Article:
Saturday, 23 November 2013

Phytochemicals and Pancreatic Cancer (Exocrine Cancers)

Pancreas is an oblong flattened gland in the digestive and endocrine system located in the abdomen. By secreting pancreatic juice to the small intestine, pancreas helps to break down carbohydrates, proteins, and lipids. Traditional Chinese medicine view pancreas as a vital organ in responsible for the absorption of foods' qi and nutrients before passing them to other organs to nourish our body.

Cancer of pancreas or pancreatic cancer
is defined as condition of
a malignant neoplasm of the pancreas, as the cells have become cancerous and divided uncontrollably. Most pancreatic cancers start in the ducts (exocrine component of the pancreas) that carry pancreatic juices with cancer of an epithelium that originates in glandular tissue accounts for over 75 - 90% of all cases of exocrine cancers.

Types of food to prevent and treat pancreatic cancer 
1. Pomegranate
Pomegranate extract (PE) is a standardized whole-fruit extract of pomegranate, a fruit with known anticancer properties, Dr. Nair V, and the research team at the University of Texas at Austin, in the study ofPomegranate extract induces cell cycle arrest and alters cellular phenotype of human pancreatic cancer cells, showed that PE treatment induced cell cycle arrest and inhibited cell proliferation in PANC-1 cells. PE treatment increased the proportion of cells lacking CD44 and CD24 expression, which are associated with increased tumor-initiating ability, demonstrating that PE altered cell phenotype. PE was more effective in inhibiting the proliferation of PANC-1 cells than the clinically used dose of paclitaxel. Similar results were obtained in the AsPC-1 cell line. Individual pomegranate phytochemicals were only modestly effective in inhibiting cell proliferation(1).

2. Curcumin, raspberry and neem leaf
the study of Impact of curcumin, raspberry extract, and neem leaf extract on rel protein-regulated cell death/radiosensitization in pancreatic cancer cells showed that CUR, NLE, and RSE may serve as effective "deliverables" to potentiate RT in PC cure and further throw light that these phytochemicals-induced cell killing may involve selective regulation of RT-induced NF-κB(2).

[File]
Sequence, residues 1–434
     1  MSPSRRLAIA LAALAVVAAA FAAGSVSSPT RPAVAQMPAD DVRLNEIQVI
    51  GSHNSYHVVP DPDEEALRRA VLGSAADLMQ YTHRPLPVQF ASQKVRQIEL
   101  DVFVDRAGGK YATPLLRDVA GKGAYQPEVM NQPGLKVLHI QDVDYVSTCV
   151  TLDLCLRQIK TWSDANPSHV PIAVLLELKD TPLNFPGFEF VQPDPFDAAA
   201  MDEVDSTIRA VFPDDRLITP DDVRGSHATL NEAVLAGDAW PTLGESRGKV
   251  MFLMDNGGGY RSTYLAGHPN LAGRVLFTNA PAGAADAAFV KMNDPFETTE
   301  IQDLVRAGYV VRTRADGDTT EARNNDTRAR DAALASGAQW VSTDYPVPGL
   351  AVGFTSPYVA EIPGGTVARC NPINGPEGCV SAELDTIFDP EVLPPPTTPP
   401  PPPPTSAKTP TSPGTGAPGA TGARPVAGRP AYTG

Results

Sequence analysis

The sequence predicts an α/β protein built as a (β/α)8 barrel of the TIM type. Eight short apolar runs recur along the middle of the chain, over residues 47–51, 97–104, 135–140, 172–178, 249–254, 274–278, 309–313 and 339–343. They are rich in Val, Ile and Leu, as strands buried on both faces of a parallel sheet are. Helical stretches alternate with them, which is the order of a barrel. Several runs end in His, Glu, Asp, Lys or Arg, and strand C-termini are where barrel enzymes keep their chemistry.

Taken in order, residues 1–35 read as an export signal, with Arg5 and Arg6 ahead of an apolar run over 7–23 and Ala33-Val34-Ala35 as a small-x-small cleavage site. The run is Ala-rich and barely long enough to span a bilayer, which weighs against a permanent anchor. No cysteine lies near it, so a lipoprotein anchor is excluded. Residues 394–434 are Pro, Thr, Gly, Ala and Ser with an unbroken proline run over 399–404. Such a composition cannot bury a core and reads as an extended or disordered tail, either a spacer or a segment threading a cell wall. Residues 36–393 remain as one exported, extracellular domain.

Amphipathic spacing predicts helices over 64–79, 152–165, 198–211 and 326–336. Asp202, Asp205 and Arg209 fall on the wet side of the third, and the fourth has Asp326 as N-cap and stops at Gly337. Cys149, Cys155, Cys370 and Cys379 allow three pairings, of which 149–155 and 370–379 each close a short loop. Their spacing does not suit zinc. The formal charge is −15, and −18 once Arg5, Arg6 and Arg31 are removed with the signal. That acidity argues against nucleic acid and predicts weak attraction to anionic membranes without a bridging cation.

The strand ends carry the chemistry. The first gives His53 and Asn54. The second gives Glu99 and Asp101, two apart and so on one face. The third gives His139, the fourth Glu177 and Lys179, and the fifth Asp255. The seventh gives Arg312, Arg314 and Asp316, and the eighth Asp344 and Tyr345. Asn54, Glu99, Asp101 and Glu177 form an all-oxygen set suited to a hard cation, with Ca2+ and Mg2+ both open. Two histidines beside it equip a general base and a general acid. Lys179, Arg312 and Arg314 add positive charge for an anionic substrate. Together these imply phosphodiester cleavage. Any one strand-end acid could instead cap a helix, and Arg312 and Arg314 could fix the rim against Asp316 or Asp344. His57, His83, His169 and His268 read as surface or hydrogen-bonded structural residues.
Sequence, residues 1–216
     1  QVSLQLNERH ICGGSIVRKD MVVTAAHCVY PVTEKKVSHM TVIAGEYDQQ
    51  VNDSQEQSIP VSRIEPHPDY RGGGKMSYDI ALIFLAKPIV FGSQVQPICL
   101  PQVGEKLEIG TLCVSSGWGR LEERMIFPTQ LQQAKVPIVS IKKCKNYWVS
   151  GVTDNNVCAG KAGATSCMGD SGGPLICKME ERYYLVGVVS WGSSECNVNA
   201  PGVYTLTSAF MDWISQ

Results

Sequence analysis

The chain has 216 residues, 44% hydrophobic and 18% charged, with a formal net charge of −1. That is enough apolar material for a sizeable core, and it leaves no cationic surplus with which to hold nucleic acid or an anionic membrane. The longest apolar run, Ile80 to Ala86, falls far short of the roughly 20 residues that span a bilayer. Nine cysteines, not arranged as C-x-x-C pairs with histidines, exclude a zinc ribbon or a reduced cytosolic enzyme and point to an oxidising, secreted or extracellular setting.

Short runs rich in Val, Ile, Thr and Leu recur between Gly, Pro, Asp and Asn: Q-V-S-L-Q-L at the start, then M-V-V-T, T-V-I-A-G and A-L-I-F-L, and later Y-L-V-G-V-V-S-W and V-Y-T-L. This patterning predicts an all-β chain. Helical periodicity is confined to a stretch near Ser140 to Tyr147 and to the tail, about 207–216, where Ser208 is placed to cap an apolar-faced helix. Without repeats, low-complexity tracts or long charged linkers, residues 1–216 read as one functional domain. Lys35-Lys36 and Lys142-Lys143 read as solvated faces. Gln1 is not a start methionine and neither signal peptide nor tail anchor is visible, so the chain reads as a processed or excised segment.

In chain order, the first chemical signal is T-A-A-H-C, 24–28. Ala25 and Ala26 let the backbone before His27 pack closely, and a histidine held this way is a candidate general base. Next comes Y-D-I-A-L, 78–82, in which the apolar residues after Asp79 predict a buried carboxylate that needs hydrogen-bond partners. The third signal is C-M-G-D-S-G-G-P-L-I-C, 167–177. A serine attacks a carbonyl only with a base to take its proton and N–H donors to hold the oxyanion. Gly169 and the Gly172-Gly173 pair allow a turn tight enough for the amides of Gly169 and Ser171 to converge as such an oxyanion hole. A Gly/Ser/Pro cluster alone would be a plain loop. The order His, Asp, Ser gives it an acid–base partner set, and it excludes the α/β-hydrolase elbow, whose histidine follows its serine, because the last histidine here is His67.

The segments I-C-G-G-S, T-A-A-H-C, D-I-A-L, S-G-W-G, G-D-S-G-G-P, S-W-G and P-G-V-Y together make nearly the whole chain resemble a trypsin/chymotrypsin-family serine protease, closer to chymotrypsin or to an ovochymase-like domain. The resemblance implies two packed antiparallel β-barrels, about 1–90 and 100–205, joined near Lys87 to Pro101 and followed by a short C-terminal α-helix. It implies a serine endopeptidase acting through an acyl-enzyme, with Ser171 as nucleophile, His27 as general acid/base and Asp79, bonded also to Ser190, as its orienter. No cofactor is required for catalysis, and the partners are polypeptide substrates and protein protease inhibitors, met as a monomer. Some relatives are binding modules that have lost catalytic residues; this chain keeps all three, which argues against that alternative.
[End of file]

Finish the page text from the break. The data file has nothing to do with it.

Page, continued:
3. Tomato
Lycotene is a phytochemical compound and bright red pigment belonging to group of carotene in the family of carotenoids found mostly in tomatoes. In the study to investigate the possible association between dietary carotenoids and pancreatic cancer risk. A case-control study of 462 histologically confirmed pancreatic cancer cases and 4721 population-based controls in 8 Canadian provinces took place between 1994 and 1997, showed that After adjustment for age, province, BMI, smoking, educational attainment, dietary folate, and total energy intake, lycopene, provided mainly by tomatoes, was associated with a 31% reduction in pancreatic cancer risk among men [odds ratio (OR) = 0.69; 95% CI: 0.46-0.96; P = 0.026 for trend] when comparing the highest and lowest quartiles of intake. Both beta-carotene (OR = 0.57; 95% CI: 0.32-0.99; P = 0.016 for trend) and total carotenoids (OR = 0.58; 95% CI: 0.34-1.00; P = 0.02 for trend) were associated with a significantly reduced risk among those who never smoked. The results of this study suggest that a diet rich in tomatoes and tomato-based products with high lycopene content may help reduce pancreatic cancer risk(3).

4.  Grapes and berries
Myricetin, a flavonol, belong to the flavonoid in Flavonoids (polyphenols), found in many grapes, berries, etc. has been used as antioxidant to lower cholesterol, treat certain types of cancer, etc. In the observation of the flavonoid myricetin and its effect on metastatic pancreatic cancer cell lines, found that myricetin resulted in tumor regression and decreased metastatic spread. Importantly, myricetin was non-toxic, both in vitro and in vivo, underscoring its use as a therapeutic agent against pancreatic cancer, according to the study of "Myricetin induces pancreatic cancer cell death via the induction of apoptosis and inhibition of the phosphatidylinositol 3-kinase (PI3K) signaling pathway" by Phillips PA, Sangwan V, Borja-Cacho D, Dudeja V, Vickers SM, Saluja AK.(4)

5. Etc.

Made From Fresh Fruits And Vegetable Recipes 
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Sources
(1) http://www.ncbi.nlm.nih.gov/pubmed/21868510
(2) http://www.ncbi.nlm.nih.gov/pubmed/21697760 
(2) http://www.ncbi.nlm.nih.gov/pubmed/15735099
(4) ) http://www.ncbi.nlm.nih.gov/pubmed/21676539

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